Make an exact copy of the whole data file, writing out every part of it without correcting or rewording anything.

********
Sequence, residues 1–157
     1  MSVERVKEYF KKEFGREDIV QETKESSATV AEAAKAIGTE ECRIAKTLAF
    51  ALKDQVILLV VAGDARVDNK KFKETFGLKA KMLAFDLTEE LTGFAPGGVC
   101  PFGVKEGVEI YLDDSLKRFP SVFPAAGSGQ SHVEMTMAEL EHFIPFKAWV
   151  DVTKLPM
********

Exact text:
Sequence, residues 1–157
     1  MSVERVKEYF KKEFGREDIV QETKESSATV AEAAKAIGTE ECRIAKTLAF
    51  ALKDQVILLV VAGDARVDNK KFKETFGLKA KMLAFDLTEE LTGFAPGGVC
   101  PFGVKEGVEI YLDDSLKRFP SVFPAAGSGQ SHVEMTMAEL EHFIPFKAWV
   151  DVTKLPM